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Embracing All Learning Approaches: Visual, Auditory, Kinesthetic and More

By Kristy King, director of the Learning Resource Center
The director of the Learning Resource Center shares how LJCDS fosters students’ multiple learning needs.

The much-anticipated unveiling of the mud kitchen in the Early Childhood Center in spring 2021 was another reminder of how La Jolla Country Day School recognizes the diverse learning needs of each of its students. Providing the youngest learners the opportunity to create with their hands and feel the earth between their fingers highlights the value of the kinesthetic, visual and naturalist ways of learning. 

Tailoring our curriculum to meet varied ways of learning can be seen across the LJCDS campus. This may be in Kirsten Luongo’s third-grade classroom, where students work with their writing partners and tap into their visual, auditory, verbal and interpersonal learning needs. It is seen in Middle School science when Stephanie Heinrich caught her fifth-grade student’s attention by kinesthetically and visually demonstrating plate tectonics with graham crackers and icing. The Upper School chemistry team collaborated with visual arts educator Liz Stringer to bring molecular forms to life through art, providing additional visual and kinesthetic opportunities for learning. 

These mindful approaches to curriculum development enable students to recognize their strengths in learning, which leads to increased perseverance and overall effort. As our students explore learning preferences (e.g., visual, auditory, verbal, kinesthetic, naturalist, inter/intrapersonal, logical, musical), they hone their executive functioning as lifelong independent learners. 

The Learning Resource Center realizes how valuable these skills are and has developed the Brain-Based Learning Strategies course to support all students at LJCDS in their executive functioning development. With grade-appropriate lessons, students explore and fine-tune their executive functioning, starting with identifying their own learning preferences. When students can name how they learn best, they can use their preferences when choosing study strategies, taking tests or completing assignments. The level of metacognition to name how they learn best and understand their academic development fosters this independence.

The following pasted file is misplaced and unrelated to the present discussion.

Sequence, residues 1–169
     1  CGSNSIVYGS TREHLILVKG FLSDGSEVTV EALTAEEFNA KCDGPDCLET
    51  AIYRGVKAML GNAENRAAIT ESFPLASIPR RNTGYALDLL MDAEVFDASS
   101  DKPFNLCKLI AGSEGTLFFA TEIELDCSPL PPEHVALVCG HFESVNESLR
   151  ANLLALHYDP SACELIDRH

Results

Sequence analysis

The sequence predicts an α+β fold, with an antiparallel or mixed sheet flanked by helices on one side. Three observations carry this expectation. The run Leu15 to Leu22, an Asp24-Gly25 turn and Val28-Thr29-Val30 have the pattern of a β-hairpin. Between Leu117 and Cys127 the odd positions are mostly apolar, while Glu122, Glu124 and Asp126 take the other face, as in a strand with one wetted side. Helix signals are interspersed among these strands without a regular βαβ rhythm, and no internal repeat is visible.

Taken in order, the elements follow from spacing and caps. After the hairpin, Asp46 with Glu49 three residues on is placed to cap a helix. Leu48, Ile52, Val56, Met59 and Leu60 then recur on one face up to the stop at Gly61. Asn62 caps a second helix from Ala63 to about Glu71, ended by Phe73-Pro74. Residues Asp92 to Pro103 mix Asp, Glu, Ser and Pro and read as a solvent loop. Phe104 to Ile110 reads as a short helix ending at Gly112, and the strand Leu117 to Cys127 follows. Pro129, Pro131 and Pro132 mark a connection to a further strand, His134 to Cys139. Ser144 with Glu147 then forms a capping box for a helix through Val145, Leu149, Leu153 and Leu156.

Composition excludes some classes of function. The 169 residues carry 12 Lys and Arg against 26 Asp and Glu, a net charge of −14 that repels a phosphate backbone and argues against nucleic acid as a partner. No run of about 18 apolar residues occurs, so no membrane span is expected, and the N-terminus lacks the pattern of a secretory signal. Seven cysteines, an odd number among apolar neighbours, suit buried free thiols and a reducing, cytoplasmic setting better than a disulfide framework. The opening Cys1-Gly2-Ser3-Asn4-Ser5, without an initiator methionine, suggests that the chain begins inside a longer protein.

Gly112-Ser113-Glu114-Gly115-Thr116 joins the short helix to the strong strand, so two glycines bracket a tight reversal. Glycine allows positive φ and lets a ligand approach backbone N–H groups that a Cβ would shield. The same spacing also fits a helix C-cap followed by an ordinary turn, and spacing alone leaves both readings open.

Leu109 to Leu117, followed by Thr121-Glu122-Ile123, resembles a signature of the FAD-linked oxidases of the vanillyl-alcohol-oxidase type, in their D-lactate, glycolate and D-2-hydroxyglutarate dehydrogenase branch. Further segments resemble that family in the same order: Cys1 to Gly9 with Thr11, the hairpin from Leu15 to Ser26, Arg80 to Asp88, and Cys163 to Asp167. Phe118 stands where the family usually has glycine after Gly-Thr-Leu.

Students also explore time management, prioritization, organization, attention, self-awareness and working memory. This year’s course was taught in Grades 5, 7 and 9 and was a Flex offering for Grades 10-12. The intention is to expand to all of Middle School.

Seeing students empowered to take responsibility for their learning and executive functions for future success grounds us in the purpose of our work as educators. When I see our Tiny Torreys and junior kindergarteners demonstrate cubby management or Middle School students reflect on test preparation and performance with their teacher, it evokes a feeling of gratitude for all of the collective work the educators and students put into the educational experience. 

Honoring and developing the unique differences each of us brings to the learning environment is one of the greatest gifts we can give our community, and I encourage every member to think about their learning preferences. So, when you see me walking around the LJCDS block with pencil and paper in hand, know that I am exercising my kinesthetic and naturalist learning preferences while reflecting on the future of education, the Learning Resource Center and La Jolla Country Day School.

Early Childhood Center Mud Kitchen

La Jolla Country Day School

9490 Genesee Avenue
La Jolla, CA 92037

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